--> Intel Core i9 7900x
---> MSI X299 SLI PLUS- 16GB
--> G.Skill Ripjaws V DDR4 2400MHz
---> PNY NVIDIA Quadro P1000 4GB DDR5
--> 250GB WD Blue 250 GB 2.5 SATA-
---> 2 TB Western Digital Blue HDD
---> Cooler Master V750W (I was more inclined for future proof higher rating PSU)
--> Cooler Master MB500
--> ML240L AIO liquid Cooler by CM
This machine is quite reliable and blazing fast.

Michaela Rinawi • 3 months ago

Hi there,
First: Thank you for researching and writing this article, I found it really helpful.
I also have a question though: I am going to buy a new PC for my rendering work and I was wandering if I should wait for the release of the NVDIA Geforce RTX graphics card.
Are you planning an update on your website describing an example pc build with these graphic cards soon?
Would it make sense to buy the rtx 2080 instead of the gtx 2080ti? (I would prefer wo wait for the rtx 2080ti, but it doesn't even have a release date yet and I definetely have to buy a PC no later than december)

Thank you for your help,

Daniel • 3 months ago

Until the RTX cards reach retail availability in late-September/early-October, there will not be enough real-world benchmarks for us to add them to any of our resources. But you can rest assured that we will have content regarding how to build with them, and appropriately adding or not adding them to all of our resources, when that information becomes available.

Whether the possible performance difference relative to the possible price difference is worthwhile for your exact situation (to make waiting a couple of months for the new parts make sense) is something that only you can decide for yourself in the meantime.

BBreon • 3 months ago

Gosh, the more I went down to the pc builds list, the more excited I got.
I currently use a gaming laptop for 3d & rendering stuff and it's not quite fast enough, especially when working with particles and vray lol.

Semiconducted • 5 months ago

Great post and helpful advice!

One note of errata: The author refers to Blender as having “a steep learning curve”, however I believe they actually mean the opposite.

This being a highly technical post, a “a steep learning curve”, in its formal definition where the x axis is Time and y axis is Learning, means that it takes very little time to learn.

Daniel • 5 months ago

Thanks for the kind comments about the article, and the input regarding that phrase!

In this context, the phrase is used in the way that is described on the wiki page you linked under the heading "in culture." This article is written with an audience of laypeople in mind, so the popular definition is used, wherein the x axis is still time, but the y axis is something like 'difficulty in mastering encountered features.'

Aleksandrs Breze • 6 months ago

Hey, just out of intrest. Why do you suggest the Intel i9-7980XE instead of TR1950x? Im building an overkill pc for gaming and rendering so i was hoping to understand what cpu choice would be better. Thanks!
P.S. your website is really great, it sure has helped a lot me and probably thousands of others.

Daniel • 6 months ago

Of those two options, the i9-7980XE has more cores and faster top speeds per core, performing about 10% better overall than the TR 1950X.

Ian Tay • 7 months ago

Hi! Used the forge of the gods build as the basis for my rendering gig, instead of 02 1080tis, i am running on 1080ti. However, i am encountering BSOD at least twice a week, is it something wrong that i am doing, or is there a setting i am suppose to tweak.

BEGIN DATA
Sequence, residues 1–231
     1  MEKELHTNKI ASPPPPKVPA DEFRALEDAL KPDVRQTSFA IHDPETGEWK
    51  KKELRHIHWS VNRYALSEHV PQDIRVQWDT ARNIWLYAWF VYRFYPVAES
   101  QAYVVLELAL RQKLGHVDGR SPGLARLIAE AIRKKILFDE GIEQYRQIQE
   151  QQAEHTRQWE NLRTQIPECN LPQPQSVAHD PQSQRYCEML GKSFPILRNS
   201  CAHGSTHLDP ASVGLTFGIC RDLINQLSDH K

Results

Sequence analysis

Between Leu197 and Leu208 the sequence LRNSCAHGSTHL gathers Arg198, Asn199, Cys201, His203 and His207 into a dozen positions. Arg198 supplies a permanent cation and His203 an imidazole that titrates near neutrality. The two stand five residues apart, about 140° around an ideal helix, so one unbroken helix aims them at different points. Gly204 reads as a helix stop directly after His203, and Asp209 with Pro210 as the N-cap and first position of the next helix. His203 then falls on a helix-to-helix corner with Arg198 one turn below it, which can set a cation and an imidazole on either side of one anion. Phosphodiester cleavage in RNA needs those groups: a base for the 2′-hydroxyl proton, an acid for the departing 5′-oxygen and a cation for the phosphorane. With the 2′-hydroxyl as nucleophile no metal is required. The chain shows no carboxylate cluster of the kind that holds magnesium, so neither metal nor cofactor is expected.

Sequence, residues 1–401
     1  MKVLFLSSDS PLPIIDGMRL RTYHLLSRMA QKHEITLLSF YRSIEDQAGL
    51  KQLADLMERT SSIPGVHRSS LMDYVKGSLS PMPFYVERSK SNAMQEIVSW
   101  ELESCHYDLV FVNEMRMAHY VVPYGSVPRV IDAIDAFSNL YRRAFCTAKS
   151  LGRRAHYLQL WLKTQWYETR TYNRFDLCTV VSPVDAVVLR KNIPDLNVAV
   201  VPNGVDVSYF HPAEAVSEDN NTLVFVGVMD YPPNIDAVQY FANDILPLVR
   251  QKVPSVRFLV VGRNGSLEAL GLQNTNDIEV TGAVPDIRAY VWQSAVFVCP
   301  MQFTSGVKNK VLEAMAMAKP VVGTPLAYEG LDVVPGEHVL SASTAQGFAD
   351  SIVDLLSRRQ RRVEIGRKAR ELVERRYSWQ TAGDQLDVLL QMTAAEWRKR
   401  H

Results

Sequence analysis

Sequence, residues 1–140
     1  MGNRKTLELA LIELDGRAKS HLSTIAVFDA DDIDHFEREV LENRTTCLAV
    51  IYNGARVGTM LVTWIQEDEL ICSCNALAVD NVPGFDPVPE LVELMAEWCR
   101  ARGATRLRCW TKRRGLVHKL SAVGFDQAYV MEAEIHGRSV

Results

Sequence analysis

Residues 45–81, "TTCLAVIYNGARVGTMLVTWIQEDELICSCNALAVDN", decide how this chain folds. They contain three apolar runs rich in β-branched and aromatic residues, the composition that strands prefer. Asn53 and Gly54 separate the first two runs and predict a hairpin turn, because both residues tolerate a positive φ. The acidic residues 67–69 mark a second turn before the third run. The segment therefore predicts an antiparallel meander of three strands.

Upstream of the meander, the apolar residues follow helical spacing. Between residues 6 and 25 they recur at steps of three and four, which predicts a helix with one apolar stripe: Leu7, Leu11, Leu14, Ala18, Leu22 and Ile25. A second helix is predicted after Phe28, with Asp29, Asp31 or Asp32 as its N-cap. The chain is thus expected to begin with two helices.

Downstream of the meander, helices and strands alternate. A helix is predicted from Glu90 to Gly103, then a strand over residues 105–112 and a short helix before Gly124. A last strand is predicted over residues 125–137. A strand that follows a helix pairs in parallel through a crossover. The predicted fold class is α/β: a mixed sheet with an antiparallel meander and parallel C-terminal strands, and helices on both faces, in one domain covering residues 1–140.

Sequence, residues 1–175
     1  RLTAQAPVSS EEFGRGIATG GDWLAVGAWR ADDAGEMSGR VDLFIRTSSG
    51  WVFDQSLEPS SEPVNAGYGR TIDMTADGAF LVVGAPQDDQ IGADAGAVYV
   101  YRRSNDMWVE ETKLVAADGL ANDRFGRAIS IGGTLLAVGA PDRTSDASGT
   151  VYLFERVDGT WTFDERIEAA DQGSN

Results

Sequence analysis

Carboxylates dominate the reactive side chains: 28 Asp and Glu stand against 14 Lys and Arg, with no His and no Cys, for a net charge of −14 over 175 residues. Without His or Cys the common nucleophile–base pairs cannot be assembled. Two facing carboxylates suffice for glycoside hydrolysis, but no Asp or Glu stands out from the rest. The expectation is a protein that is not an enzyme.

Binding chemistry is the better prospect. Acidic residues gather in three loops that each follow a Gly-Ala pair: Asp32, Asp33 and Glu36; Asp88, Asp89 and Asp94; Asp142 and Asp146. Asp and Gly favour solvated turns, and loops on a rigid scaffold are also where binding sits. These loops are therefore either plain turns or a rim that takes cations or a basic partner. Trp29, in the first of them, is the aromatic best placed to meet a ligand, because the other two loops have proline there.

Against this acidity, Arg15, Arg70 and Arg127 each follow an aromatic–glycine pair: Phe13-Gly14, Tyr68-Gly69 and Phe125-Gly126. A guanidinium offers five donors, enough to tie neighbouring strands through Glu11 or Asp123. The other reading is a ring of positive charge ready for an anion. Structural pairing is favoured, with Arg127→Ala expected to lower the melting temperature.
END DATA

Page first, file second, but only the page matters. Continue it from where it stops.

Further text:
Daniel • 7 months ago

We are happy to help with this, but without more context, it would be practically impossible to diagnose this issue. What operating system are you using? What programs do you primarily use? What kind of work are you doing with those programs? Is there any chance there could be malware of any variety on your system? Do the crashes often coincide with some particular behavior or program on the computer? Is there a particular error message code that displays when the crashes occur?

Federico S • 9 months ago

Hi! Great work on the guide. Thanks for the info it's really helpful. Just one question, regarding the "Forge of the Gods Build" Why did you choose the GTX 1080 ti's instead of a quadro GPU? I can't decide if its worth it to go for a quadro 5000 card instead of a gtx 1080 ti zotac. Thanks

Daniel • 9 months ago

So, the example builds in this article prioritize being good at all possible related tasks to the workflow of an animator/renderer. Pro-grade cards like the Quadro series are specialized to only perform well at certain professional applications, including data science, high-color-fidelity graphic design, and, indeed, 3D rendering. The direct answer is that, if you're sure that your PC will only be used for rendering work, then a pro-grade card could indeed be an appropriate choice; but if your work and other intended uses for your PC involve numerous types of varied program tasks (such as video editing, audio editing, photo editing, and even gaming) then a consumer-grade card, with its jack-of-all-trades design and broader API support, is likely to be a better choice.

That said, even if you're sure you want to go with a professional-grade graphics card, we would not recommend pairing a Quadro 5000 with the Forge of the Gods Build. The Quadro 5000 is over 7 years old, and would represent a massive bottleneck on that system; for reference, a GTX 1080 Ti would perform roughly ten times better (in terms of power/speed). A more appropriate pairing for the 'Forge of the Gods' build from the pro-grade lineup would be a higher-end option from NVIDIA's Quadro P---- series.

Federico S • 9 months ago

Hi Daniel, thanks so much for taking the time to reply a detailed answer. Actually I meant the Quadro P5000 i didn't know there was a Quadro 5000 a few years back hehehe. I thought they were thr same but i was looking at the P5000. I use Rhinoceros V6 and i have a Gtx 1080 Strix and when im modeling in render view it gets a bit laggy. My cpu is I7-6700K with an Asus Maximus VIII Extreme. I guess the lag is because of my cpu. I will follow your guide and perhaps build the forge of the gods or the profesional rig. Anyway thanks again for the info!


Daniel • 9 months ago

If the hiccups in your workflow are during the modeling process in render view, I'm inclined to think that the bottleneck is the CPU (but I can't be absolutely sure). Since it's tough to say whether it's the GPU or CPU, however, I can see why it would be prudent to go for a full upgrade. That said, since you were already working with a GTX 1080 and it didn't seem to be cutting it, I might lean toward recommending a Titan Xp rather than a GTX 1080 Ti.